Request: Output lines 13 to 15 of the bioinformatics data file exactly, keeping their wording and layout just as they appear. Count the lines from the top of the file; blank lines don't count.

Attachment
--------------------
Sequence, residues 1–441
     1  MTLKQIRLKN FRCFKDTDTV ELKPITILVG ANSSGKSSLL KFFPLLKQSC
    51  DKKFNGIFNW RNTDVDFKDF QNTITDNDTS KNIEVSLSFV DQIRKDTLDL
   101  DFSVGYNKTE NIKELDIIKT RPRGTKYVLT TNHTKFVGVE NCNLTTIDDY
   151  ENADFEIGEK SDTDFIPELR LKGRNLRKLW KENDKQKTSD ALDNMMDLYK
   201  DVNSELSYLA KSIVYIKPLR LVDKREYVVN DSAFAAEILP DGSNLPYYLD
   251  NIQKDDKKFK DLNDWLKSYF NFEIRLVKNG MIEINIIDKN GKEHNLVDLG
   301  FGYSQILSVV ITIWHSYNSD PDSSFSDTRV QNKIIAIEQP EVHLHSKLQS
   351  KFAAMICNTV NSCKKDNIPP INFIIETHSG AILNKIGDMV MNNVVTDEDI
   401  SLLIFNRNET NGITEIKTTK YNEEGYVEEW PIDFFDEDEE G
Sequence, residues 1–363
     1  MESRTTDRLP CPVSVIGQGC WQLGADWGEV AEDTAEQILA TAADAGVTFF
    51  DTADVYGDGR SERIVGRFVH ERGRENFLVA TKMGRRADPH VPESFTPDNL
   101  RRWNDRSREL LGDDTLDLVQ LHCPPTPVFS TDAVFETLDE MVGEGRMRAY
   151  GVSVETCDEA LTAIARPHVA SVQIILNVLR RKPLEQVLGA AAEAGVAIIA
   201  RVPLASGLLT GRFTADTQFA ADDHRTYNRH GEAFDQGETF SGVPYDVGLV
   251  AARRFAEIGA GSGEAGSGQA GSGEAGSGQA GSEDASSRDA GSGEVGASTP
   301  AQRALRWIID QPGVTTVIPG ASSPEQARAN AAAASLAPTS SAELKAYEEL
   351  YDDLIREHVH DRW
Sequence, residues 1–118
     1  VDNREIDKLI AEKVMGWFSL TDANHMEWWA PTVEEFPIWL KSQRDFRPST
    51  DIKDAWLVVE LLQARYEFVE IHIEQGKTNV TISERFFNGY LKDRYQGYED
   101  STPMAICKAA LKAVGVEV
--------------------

    51  DTADVYGDGR SERIVGRFVH ERGRENFLVA TKMGRRADPH VPESFTPDNL
   101  RRWNDRSREL LGDDTLDLVQ LHCPPTPVFS TDAVFETLDE MVGEGRMRAY
   151  GVSVETCDEA LTAIARPHVA SVQIILNVLR RKPLEQVLGA AAEAGVAIIA